The first Earth Day occurred in 1970, long before anyone started to worry about what was, at first, called “global warming.” So those trying to get Americans to change their behavior for the planet’s sake are fighting a battle against eco-fatigue, born of repeated exposure to environmentalist messages, and their inevitable fadeout.
In Charlottesville, one organization is leveraging group psychology to spur regular people to reduce their carbon footprints. “We noticed that the largest sector emitting greenhouse gases is the residential sector, at nearly 30 percent,” says Claire Habel of the Charlottesville Climate Collaborative, or C3. “We said ‘Hey, we should really be engaging households.’”
Through C3’s Home Energy Challenge, groups of friends and neighbors around the city have been attending “power parties,” where they set carbon reduction goals and resolve to track their progress as a group. The idea is that working in teams, with an element of competition and accountability to one’s teammates, might keep folks more committed to making those little shifts in personal habits that add up to a larger impact. “It’s known to be pretty effective—this positive peer pressure,” says Habel.
On a warm evening in March, Chris and Mirentxu Meyer assemble trays of snacks in the kitchen of their roomy new house in Fry’s Spring, while Habel talks with a reporter about how the Home Energy Challenge works. “Many of our participants have done a lot of the actions already,” Habel says, explaining that the HEC offers teams a menu of carefully quantified, footprint-reducing actions they can take. If participants have already, say, bought an electric vehicle or switched to LED light bulbs, there are still ways to earn points for their teams, through actions “geared toward lifestyle”—for example, line-drying clothes.
Chris Meyer already works on climate change through his day job, as executive director of the Local Energy Alliance Program. He says that when he and Mirentxu moved into this subdivision, Oaklawn, where construction is still underway and heavy equipment blocks the street, they wanted their investment to reflect their green values, so they installed geothermal heating and solar panels. “I’m interested in seeing more done locally,” he says, referring to the City of Charlottesville’s carbon reduction goals, which have been relatively modest.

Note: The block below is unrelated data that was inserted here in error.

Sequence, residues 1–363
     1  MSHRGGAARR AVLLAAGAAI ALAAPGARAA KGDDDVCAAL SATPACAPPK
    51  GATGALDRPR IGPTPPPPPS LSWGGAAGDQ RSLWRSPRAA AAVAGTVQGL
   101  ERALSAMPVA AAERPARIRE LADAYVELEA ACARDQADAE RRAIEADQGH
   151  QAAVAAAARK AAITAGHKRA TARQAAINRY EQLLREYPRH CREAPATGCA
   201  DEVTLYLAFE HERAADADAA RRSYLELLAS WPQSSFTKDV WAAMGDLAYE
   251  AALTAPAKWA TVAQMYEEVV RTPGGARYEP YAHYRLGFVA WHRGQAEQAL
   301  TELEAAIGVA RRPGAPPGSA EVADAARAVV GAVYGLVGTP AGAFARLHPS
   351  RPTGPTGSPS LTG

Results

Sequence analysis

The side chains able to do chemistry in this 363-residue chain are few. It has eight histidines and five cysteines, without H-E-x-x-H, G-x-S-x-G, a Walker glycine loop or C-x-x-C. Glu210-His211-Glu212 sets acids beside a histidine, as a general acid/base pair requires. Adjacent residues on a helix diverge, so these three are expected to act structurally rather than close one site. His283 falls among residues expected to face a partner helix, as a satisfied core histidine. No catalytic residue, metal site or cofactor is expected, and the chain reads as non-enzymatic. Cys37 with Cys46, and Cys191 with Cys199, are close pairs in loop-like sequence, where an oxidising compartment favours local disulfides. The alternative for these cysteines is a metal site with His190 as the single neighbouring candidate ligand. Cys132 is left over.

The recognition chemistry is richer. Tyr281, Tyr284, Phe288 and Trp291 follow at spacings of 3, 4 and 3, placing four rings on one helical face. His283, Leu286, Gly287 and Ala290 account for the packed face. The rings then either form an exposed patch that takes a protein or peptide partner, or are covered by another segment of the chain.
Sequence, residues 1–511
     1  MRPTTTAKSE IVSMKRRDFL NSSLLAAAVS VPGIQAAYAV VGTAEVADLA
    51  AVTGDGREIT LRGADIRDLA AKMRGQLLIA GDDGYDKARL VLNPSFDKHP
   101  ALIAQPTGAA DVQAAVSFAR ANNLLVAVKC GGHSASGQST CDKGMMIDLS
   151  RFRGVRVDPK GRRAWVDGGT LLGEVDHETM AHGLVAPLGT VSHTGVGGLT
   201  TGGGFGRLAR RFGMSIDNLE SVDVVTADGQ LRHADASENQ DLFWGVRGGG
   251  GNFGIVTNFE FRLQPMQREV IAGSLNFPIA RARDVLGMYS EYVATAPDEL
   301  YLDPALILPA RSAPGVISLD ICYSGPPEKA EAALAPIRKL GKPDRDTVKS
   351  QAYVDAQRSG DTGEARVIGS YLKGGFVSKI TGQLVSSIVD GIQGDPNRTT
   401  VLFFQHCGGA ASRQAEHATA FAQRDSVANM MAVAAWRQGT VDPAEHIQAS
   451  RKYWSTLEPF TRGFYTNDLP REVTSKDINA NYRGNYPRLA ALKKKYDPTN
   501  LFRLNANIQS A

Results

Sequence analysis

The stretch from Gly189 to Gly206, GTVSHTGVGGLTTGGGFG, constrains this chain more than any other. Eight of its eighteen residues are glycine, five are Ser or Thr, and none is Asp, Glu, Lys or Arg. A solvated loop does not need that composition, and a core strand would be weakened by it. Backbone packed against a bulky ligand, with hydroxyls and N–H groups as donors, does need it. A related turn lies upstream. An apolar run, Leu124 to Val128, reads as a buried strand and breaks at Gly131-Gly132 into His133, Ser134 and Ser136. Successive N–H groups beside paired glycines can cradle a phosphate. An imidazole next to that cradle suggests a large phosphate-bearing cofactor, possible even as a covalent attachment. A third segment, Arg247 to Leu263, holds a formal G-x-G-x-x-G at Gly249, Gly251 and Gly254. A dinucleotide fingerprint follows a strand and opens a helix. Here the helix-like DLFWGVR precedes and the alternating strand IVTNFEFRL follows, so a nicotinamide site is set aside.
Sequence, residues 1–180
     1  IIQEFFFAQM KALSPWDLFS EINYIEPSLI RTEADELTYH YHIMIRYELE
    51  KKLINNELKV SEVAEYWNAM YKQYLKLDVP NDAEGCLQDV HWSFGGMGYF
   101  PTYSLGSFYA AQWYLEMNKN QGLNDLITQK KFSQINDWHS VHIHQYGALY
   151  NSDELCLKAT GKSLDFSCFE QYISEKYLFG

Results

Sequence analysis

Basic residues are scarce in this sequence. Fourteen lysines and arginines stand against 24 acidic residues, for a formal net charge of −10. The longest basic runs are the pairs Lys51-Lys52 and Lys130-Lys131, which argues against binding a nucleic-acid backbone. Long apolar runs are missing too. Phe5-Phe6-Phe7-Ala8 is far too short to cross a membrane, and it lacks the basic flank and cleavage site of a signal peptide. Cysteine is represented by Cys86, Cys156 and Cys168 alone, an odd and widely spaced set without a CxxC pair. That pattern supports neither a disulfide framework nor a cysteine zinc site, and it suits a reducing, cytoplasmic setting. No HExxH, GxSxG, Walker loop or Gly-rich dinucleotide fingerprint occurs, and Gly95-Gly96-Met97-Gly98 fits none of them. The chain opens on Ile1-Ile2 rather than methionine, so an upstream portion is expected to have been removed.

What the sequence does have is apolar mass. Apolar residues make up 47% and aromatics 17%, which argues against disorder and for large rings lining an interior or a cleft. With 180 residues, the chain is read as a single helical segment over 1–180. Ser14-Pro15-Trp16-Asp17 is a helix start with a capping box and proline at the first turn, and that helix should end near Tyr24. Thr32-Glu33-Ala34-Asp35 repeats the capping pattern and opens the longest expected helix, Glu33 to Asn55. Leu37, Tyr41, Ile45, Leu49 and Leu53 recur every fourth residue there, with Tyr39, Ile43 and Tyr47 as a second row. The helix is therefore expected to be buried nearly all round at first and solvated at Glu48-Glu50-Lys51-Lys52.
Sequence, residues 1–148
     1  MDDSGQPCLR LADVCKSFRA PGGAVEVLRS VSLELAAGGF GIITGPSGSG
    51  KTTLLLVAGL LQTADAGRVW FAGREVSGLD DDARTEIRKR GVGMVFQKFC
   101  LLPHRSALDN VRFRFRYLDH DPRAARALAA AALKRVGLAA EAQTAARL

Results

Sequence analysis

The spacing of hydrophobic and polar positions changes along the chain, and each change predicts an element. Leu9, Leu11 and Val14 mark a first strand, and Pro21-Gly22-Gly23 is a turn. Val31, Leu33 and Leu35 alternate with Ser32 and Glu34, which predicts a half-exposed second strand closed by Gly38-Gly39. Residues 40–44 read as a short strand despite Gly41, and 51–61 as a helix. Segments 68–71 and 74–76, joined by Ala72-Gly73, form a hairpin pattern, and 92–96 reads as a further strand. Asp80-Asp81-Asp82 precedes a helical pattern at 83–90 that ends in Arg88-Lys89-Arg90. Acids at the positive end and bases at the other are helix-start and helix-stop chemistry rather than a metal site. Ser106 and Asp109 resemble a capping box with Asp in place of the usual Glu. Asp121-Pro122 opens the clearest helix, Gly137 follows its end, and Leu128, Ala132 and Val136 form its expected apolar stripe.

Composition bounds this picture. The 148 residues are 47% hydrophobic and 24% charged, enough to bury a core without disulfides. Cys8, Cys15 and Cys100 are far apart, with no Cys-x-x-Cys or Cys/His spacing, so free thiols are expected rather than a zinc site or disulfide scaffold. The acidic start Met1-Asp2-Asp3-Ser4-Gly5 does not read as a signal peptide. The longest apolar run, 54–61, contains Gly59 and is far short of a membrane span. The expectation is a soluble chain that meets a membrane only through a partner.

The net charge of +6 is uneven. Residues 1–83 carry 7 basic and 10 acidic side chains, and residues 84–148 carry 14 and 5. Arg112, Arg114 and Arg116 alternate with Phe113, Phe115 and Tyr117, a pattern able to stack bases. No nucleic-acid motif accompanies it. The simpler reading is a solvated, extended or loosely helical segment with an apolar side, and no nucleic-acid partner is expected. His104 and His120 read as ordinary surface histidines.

Wanting to do more on a personal level, he volunteered to host this power party and lead a team in the second season of the Home Energy Challenge. The Meyers’ first guest to arrive is Beau Dickerson, whose company Echelon developed this new neighborhood, and who lives just up the street. Soon, six more neighbors have arrived, and everyone settles in for a presentation by Habel.
With 11 teams having been part of the HEC’s first season—it wrapped up in February—Habel has clearly had practice leading folks through her spiel. She points out that while Richmond and Blacksburg have set aggressive greenhouse gas reduction goals—80 percent by 2050, in some cases—Charlottesville’s goal is a wan 10 percent by 2035 (the city is currently working on a revised, more ambitious goal). Her audience expresses dismay. Habel piles on a little: Charlottesvillians create more annual greenhouse gas emissions than the average U.S. citizen (11.2 tons per person as opposed to 10 tons) and more than twice as much as the average Brit (5.2 tons).
With everyone in the room now feeling a little guilty, Habel offers hope: The 192 households that participated in the first season of the HEC saved a collective 186 tons of carbon. “We have to think about it in terms of numbers, because it’s the little things that make an impact,” Habel says. “Last season, we soared past our goal.”
Those 186 tons saved seem small compared with the 6.5 million tons annually emitted across the U.S. (that’s the EPA’s number for 2016). As Leo Connally, another HEC participant, puts it, echoing a very common sentiment, “When I start to think about global climate change, it’s such an overwhelming thing.” Very bad news from the U.N.—whose report last fall predicted catastrophic effects from climate change sooner than previously expected—and climate-change denial on the part of President Trump may well cause people to despair.
Yet the crux of the issue—and the sweet spot where C3 is trying to do its work—is to keep people focused on doable steps and incremental change at the local level, in the belief that widespread improvements are built of many tiny positive shifts. In her presentations, Habel also appeals to her audience’s wallets, pointing out that eating one fewer meal of beef each week can save a family of four $100 per year.
Connally says he, for one, has seen some real savings. “We installed a water-saving showerhead and started being more diligent about monitoring our thermostat,” he says. “Our gas bill went from $110 to $57.” He and his girlfriend have also cut their trash volume in half by composting through the city compost program.
“That’s a tangible thing,” he says. “What appealed to us with HEC is that it kind of brought all these different things together in an organized way. I can take a couple steps and watch and see the impact.”
Of course, transportation and business sectors are also major GHG polluters, and government regulation—from the local to international levels—is needed to promote drastic change. “It’s a little bit frustrating to me that the onus is on the individual,” says Connally. “I wish I saw more effort on behalf of some of the larger corporations.” Still, he and many others hope to step up their own personal games.
“I’m a work in progress here,” he says, “but I have the best of intentions.”